The Origins of Ottoman History

hosted by Joshua White & Maryam Patton

| Among the most murky periods of the Ottoman dynasty's six-century history is the period of its very emergence in medieval Anatolia. In this episode, we talk to Rudi Lindner about his attempts to understand this early period of Ottoman history and the development of hypotheses and methods concerning the investigation of Ottoman origins over the past century of scholarship. We also reflect on what decades of research and teaching have taught Lindner about sources for history and the questions they require us to ask.

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Among the most murky periods of the Ottoman dynasty's six-century history is the period of its very emergence in medieval Anatolia. In this episode, we talk to Rudi Lindner about his attempts to understand this early period of Ottoman history and the development of hypotheses and methods concerning the investigation of Ottoman origins over the past century of scholarship. We also reflect on what decades of research and teaching have taught Lindner about sources for history and the questions they require us to ask.




Contributor Bios

Rudi Lindner is Professor Emeritus of History and Astronomy at the University of Michigan, and the author of the books, Nomads and Ottomans in Medieval Anatolia, published by Indiana University Press in 1983, and Explorations in Ottoman Prehistory, published by the University of Michigan Press in 2007. For more, see Office Hours with Rudi.
Joshua M. White is Associate Professor of History at the University of Virginia. He is the author of Piracy and Law in the Ottoman Mediterranean (Stanford University Press, 2017).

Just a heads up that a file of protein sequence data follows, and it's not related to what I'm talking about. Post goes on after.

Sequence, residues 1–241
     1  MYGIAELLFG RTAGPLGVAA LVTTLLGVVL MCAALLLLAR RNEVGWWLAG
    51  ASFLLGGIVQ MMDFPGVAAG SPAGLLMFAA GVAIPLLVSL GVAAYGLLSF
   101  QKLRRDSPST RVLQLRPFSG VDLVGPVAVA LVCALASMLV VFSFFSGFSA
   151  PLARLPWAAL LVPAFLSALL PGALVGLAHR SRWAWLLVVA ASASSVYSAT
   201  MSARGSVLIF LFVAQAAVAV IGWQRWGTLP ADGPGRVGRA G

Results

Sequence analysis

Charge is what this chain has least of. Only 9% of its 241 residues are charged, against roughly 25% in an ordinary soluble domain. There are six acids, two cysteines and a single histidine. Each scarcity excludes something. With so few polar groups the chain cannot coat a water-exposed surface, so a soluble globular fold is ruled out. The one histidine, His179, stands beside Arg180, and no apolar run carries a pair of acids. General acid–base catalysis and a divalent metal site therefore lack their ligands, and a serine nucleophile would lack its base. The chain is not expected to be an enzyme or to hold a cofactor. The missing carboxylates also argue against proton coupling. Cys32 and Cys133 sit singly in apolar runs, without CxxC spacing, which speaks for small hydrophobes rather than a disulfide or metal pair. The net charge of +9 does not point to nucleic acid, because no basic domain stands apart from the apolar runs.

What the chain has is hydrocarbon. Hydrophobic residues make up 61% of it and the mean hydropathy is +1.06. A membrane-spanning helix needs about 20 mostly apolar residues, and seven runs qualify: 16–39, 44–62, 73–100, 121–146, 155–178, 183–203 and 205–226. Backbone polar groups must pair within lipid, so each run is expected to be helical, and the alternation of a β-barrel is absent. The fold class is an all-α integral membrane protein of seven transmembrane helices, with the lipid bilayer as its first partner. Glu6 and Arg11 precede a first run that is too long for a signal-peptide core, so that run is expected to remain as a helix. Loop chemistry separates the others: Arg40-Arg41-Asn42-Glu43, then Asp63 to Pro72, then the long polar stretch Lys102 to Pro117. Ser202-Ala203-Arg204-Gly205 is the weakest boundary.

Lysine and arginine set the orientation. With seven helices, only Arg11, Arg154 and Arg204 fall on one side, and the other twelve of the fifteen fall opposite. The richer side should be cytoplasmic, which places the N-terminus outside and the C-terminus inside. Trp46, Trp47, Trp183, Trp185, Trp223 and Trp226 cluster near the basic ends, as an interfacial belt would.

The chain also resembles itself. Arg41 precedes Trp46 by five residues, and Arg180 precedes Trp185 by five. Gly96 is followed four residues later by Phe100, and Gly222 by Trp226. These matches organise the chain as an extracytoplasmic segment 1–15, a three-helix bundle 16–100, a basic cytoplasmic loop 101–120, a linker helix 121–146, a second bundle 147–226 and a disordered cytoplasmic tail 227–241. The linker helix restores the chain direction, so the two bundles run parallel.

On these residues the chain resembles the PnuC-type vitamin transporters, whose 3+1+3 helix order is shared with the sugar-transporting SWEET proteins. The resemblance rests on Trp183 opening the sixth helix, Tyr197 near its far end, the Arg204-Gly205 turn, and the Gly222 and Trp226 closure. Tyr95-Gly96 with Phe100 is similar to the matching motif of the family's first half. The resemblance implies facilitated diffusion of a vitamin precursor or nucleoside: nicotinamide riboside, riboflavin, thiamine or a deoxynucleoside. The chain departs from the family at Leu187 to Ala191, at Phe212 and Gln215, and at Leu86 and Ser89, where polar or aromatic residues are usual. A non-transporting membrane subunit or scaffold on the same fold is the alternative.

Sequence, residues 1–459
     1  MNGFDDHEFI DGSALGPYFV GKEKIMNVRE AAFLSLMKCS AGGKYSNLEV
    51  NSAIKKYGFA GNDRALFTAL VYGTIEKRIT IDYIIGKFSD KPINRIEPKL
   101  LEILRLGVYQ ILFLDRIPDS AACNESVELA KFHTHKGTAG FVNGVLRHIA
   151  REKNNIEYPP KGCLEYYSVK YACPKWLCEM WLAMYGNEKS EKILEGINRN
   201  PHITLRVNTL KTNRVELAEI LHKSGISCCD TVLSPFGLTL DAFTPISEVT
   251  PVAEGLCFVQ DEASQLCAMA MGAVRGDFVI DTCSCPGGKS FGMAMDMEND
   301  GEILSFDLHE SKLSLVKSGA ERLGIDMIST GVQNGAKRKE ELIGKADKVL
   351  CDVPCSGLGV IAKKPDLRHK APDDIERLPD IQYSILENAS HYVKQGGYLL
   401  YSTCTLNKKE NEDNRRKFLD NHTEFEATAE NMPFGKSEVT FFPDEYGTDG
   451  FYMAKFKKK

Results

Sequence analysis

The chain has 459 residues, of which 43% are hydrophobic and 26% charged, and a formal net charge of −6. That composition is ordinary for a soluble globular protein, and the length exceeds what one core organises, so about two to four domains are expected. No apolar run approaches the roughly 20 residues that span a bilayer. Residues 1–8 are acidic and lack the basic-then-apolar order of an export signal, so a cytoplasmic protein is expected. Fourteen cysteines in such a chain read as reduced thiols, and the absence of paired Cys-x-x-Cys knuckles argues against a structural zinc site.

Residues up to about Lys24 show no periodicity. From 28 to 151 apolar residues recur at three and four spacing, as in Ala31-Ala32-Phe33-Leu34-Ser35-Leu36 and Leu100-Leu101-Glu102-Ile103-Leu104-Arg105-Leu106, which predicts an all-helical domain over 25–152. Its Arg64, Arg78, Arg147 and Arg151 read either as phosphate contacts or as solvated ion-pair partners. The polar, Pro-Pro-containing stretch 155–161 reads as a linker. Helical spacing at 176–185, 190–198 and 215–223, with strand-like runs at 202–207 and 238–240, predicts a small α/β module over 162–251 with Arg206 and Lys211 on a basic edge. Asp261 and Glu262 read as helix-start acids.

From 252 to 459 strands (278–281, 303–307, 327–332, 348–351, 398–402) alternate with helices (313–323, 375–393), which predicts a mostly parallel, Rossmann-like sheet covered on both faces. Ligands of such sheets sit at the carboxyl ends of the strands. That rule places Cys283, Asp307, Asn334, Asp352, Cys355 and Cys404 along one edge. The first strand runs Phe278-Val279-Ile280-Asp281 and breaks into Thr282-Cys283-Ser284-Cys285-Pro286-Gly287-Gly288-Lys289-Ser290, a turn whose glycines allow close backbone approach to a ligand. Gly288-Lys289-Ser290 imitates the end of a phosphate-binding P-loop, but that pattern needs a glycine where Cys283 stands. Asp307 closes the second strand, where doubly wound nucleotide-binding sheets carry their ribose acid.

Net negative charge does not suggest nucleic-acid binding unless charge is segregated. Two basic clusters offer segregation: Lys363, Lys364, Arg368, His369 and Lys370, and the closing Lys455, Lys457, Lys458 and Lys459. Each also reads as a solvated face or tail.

Maryam Patton is a PhD candidate at Harvard University in the joint History and Middle Eastern Studies program. She is interested in early modern cultural exchanges, and her dissertation studies cultures of time and temporal consciousness in the Eastern Mediterranean during the fifteenth and sixteenth centuries.

Credits

Episode No. 511
Release Date: 20 August 2021
Recording Location: Charlottesville, VA / Ann Arbor, MI / Oxford, UK
Sound production by Chris Gratien
Music: Piano Sonata in B-flat major, D.960 (Schubert, Franz) performed by Randolph Hokanson
Bibliography courtesy of Rudi Lindner and Joshua White

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Joshua White, Neelam Khoja, Aslıhan Gürbüzel, Maryam Patton 482
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Joshua White, Zoe Griffith, Sara Nur Yıldız, Neelam Khoja 486
12/28/20
The Making of the Islamic World
Sara Nur Yıldız 186
3/13/15
New Perspectives on Medieval Anatolia
Buket Kitapçı Bayrı 492
2/3/21
Diyar-ı Rum’dan Hikayeler
Molly Greene 217
12/18/15
Greeks in the Ottoman Empire
Cemal Kafadar 464
6/29/20
Between Past and Present, Part 1
Zeynep Oktay Uslu 359
4/20/18
Dervish Piety and Alevism in Late Medieval Anatolia

Select Bibliography


For more on the life and career of Rudi Lindner, check out the blog Office Hours with Rudi